Global economic rebound hit by supply squeezes, energy costs and inflation


The sharp global rebound from the coronavirus recession “appears in danger of stalling” amid supply bottlenecks, surging energy prices and rising inflation, according to an exclusive research for the Financial Times.

Global growth showed historic momentum earlier in 2021 but is now slowing in China and the US, the world’s two largest economies, as the threat of Covid-19 still hangs over the global economy, according to the latest Brookings-FT tracking index.

The findings indicate that policymakers will no longer simply be able to boost spending power without serious risks.

“Policymakers in many major economies now face the difficult conundrum of supporting growth while keeping inflation under control, even as they continue to be hit by domestic and external supply disruptions,” said Eswar Prasad, senior fellow at the Brookings Institution.

“Additional stimulus measures, especially monetary easing, are likely to yield an increasingly unfavourable trade-off between short-term benefits and longer-term vulnerabilities.”

The Brookings-FT Tracking Index for the Global Economic Recovery (Tiger) compares indicators of real activity, financial markets and confidence with their historical averages, both for the global economy and individual countries, capturing the extent to which data in the current period is normal.

The latest twice-yearly update shows a sharp snapback in growth since March across advanced and emerging economies as confidence surged with the success of Covid vaccinations.

Even though the rollout of vaccines to emerging markets and low-income countries was far from complete, economic and financial data reached series highs in recent months as the short sharp recession from coronavirus appeared to be in the past despite the pandemic.

But more recent supply shortages, energy price increases and rising inflation have created new problems for the global economy just ahead of this week’s annual meetings of the World Bank and IMF, where finance ministers and central bankers will meet in a slimmed-down but in-person gatherings in Washington.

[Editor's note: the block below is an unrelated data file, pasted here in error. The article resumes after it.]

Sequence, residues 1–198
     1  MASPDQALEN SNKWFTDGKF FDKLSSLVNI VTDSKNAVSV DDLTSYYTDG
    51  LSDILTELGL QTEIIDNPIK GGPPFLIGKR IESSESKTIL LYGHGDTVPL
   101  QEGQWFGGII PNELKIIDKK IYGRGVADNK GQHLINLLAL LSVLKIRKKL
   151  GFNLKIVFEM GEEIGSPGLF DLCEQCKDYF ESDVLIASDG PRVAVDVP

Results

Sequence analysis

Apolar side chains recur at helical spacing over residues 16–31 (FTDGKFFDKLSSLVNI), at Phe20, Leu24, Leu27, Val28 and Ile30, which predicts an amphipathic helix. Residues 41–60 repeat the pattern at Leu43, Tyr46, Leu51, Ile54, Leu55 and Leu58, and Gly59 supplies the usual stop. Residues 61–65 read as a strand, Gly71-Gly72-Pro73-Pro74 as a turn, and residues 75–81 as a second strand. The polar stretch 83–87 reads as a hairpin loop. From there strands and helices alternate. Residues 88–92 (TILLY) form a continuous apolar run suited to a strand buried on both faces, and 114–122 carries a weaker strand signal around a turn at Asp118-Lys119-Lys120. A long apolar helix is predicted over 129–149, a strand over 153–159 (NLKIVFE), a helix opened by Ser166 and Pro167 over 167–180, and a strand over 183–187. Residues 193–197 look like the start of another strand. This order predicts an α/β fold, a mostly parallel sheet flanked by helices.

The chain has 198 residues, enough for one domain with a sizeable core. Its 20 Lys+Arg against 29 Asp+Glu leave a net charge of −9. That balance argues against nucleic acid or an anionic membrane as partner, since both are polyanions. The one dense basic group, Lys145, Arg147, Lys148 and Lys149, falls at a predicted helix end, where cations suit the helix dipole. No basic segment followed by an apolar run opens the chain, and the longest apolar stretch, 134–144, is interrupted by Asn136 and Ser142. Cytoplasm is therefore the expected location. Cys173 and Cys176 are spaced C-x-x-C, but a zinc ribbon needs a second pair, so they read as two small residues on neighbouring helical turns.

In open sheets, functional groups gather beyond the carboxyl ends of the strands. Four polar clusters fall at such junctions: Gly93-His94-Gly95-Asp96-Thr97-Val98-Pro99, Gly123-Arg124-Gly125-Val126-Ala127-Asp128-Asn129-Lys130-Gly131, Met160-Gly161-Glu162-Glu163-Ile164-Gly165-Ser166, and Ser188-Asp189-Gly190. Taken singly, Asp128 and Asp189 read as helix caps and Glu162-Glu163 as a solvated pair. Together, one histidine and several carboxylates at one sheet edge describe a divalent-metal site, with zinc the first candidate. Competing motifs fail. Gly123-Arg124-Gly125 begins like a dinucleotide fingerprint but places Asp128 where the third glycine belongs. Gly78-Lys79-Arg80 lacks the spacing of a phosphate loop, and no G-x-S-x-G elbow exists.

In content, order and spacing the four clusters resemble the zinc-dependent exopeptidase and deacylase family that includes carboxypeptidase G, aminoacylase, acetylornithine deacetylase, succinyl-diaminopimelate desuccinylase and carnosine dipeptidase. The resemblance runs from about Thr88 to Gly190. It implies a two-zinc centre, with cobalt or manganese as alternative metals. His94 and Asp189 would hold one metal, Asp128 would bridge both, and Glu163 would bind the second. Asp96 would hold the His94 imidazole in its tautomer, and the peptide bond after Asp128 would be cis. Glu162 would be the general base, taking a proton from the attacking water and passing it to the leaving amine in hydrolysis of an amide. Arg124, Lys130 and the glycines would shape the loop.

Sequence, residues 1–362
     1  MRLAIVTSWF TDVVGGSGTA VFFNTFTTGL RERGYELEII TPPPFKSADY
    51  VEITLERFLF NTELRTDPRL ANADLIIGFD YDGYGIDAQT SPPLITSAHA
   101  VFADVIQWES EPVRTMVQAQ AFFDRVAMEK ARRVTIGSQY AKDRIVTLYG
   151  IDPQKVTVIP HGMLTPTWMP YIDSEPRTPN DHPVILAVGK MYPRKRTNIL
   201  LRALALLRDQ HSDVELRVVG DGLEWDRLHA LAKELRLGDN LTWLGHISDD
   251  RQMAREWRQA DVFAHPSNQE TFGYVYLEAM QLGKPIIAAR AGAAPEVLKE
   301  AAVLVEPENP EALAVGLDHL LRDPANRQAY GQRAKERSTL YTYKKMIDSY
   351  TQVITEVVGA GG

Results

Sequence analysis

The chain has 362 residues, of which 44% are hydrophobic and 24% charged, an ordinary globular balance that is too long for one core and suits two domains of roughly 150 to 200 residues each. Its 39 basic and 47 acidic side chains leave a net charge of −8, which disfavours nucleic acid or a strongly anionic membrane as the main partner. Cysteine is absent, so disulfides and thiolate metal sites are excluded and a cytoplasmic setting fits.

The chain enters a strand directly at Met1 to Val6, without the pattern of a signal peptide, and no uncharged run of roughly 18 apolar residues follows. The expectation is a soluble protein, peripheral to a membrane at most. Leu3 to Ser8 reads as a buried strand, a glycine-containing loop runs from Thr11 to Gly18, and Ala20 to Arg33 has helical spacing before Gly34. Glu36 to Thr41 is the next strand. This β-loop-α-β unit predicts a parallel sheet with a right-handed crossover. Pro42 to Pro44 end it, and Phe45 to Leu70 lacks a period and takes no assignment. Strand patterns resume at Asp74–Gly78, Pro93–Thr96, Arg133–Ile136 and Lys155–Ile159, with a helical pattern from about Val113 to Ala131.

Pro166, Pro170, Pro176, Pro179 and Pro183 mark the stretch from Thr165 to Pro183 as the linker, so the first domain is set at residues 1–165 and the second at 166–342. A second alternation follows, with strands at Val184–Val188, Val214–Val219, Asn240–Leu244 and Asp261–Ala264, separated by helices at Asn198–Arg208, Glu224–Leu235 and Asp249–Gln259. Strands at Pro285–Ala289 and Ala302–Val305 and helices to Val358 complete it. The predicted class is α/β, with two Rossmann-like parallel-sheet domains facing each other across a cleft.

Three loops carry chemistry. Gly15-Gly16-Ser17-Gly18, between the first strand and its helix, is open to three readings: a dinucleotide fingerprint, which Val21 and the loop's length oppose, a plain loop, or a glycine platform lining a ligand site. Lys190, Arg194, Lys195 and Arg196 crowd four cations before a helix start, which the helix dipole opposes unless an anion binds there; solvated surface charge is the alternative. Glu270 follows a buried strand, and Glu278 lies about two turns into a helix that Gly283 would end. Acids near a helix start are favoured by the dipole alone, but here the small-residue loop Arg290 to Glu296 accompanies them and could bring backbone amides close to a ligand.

The recent economic news has been increasingly downbeat as momentum has stalled, while financial markets have lost the shine of recent months and households and businesses have become more concerned that the recovery is running out of steam.

Advanced economies have hit these bumps in the road as they came close to recovering lost output from the crisis which had suggested a historically promising recovery. But in emerging and low-income countries, the signs of longer-term scars are becoming more evident, especially where governments and central banks cannot easily boost demand without running into even more difficult inflationary pressures.

“The spike in energy prices is emblematic of the problems created by supply disruptions that could eventually hurt aggregate demand, particularly if central banks are forced to take more aggressive actions to contain inflation,” Prasad said.

Financial market performance has stalled in advanced economies and has fallen in emerging markets

In the US, where the latest official data showed the jobs recovery stalled for a second consecutive month in September, lower business and consumer confidence suggests a softening outlook for growth, while the Federal Reserve sees the need to take a more aggressive stance towards monetary support amid continued high inflation.

In China, the government is grappling with sporadic outbreaks of the Delta coronavirus variant and renewed attempts to rebalance its economy away from investment and towards consumption amid an energy shortage. These trends have increased financial volatility, especially in the real estate sector, undermining the growth momentum of its economy.

In Europe, strong growth over the summer appears to have slowed sharply in the eurozone and UK, which had enjoyed a welcome bounce since the spring, buoyed by its early vaccination campaign.

With global growth momentum falling, governments should carefully manage demand to stop it running ahead of constrained supply while also seeking to improve the productivity and longer-run growth prospects, Prasad said. In the meantime, they faced “difficult policy trade-offs”.